Novel tools to analyse radiation near black holes

November 1, 2017, CORDIS

With the current state of scientific knowledge and equipment, understanding astrophysical black holes invariably requires detailed studies of the observable elements surrounding them. The STRONGGRAVITY project has developed novel analytical tools to do just that, with a focus on radiation.

Radiation processes taking place near tell us much about physics in extreme conditions, conditions that not even the most advanced experimental setups can recreate. They also provide a unique opportunity to test Einstein's theory of relativity in the strong-field regime.

Using data from the European Space Agency's XMM-Newton X-ray satellite mission, the European Southern Observatory and other relevant sources, the STRONGGRAVITY (Probing Strong Gravity by Black Holes Across the Range of Masses) project aims to better understand these processes. Dr Michal Dovciak, along with his team at the Astronomical Institute of the Czech Academy of Sciences, has spent the past four years analysing and interpreting multi-wavelength spectral and fast timing observations of systems containing black holes in order to further this understanding.

The project's new tools, which can compute the spectral, timing and polarisation properties of radiations in the black hole vicinity, are hoped not only to contribute to astrophysics, but also to enable new research and scientific ideas in Europe and beyond.

Why is it important to better understand radiation processes near black holes?

Black holes are quite well understood as mathematical objects, however there are still many mysteries as to how they behave as astrophysical objects. How do they interact with their surroundings at the centre of galaxies? How do they feed on nearby matter and what is the nature of their accretion? What are the reasons for the outflows by which they feed the host galaxy?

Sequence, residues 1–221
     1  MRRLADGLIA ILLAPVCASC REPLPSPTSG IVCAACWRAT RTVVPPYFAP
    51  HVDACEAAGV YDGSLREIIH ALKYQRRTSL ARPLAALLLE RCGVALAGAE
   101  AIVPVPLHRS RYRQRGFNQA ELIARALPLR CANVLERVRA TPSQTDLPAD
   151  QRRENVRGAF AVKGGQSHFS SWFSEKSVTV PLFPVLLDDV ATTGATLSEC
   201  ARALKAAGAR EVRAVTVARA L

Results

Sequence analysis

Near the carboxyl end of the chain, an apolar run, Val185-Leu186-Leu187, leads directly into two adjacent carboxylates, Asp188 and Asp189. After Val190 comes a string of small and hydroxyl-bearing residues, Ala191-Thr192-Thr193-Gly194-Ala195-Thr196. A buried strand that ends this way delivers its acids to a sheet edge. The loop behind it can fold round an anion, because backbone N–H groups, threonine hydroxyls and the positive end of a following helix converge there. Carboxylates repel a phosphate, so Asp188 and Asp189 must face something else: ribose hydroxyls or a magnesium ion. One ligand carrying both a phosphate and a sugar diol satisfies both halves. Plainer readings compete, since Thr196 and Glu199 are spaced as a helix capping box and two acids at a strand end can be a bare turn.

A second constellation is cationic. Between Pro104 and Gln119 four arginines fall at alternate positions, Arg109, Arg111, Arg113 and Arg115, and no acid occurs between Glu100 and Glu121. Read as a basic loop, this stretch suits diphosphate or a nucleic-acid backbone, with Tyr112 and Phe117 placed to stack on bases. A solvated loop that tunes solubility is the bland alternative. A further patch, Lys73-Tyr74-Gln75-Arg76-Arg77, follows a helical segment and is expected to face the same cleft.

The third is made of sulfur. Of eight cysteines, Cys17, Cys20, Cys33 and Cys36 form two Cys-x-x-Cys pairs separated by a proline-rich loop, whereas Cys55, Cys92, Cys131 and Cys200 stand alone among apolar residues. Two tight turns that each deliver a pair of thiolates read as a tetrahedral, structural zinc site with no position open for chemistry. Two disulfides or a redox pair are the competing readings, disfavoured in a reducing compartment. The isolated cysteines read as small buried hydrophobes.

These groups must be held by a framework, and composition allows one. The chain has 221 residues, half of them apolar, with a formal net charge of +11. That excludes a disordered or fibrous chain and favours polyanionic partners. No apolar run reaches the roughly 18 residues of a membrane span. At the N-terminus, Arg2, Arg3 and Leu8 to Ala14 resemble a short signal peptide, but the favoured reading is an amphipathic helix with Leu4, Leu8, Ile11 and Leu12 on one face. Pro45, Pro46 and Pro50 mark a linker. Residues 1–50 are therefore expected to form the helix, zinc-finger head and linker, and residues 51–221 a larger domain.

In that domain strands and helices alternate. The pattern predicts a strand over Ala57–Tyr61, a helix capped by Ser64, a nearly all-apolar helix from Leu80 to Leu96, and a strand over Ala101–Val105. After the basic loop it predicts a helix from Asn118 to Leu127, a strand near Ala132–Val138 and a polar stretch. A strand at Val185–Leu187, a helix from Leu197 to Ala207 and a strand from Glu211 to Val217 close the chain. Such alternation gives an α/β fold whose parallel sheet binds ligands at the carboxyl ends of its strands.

All the information we can get on black holes as astrophysical objects originate from radiations in their close vicinity, especially those with very high energy. Therefore, we concentrate mainly on X-rays. We have to decipher all the processes that create or influence this radiation to better understand what is going on, more specifically, what components these systems consist of (, corona, winds, etc.), what their properties are and how they mutually interact.

Which type of black holes do you focus on and why?

We focus on numerous bright, active galactic nuclei sources – each hosting a super-massive black hole of a mass range equivalent to millions or billions of solar masses – as well as a few black holes of stellar origin within our galaxy.

A particular source of interest is Sgr A* – the super-massive yet quiet black hole at the centre of our galaxy. We have concentrated on the most active species of black holes, since they provide us with the largest possible amount of information for studying them.

What would you say were the main contributions of the project?

We have developed some new sophisticated tools and models as well as enhanced pre-existing ones. These tools and models are now being used by astronomers to much better understand the data that come from ground-based and satellite observations.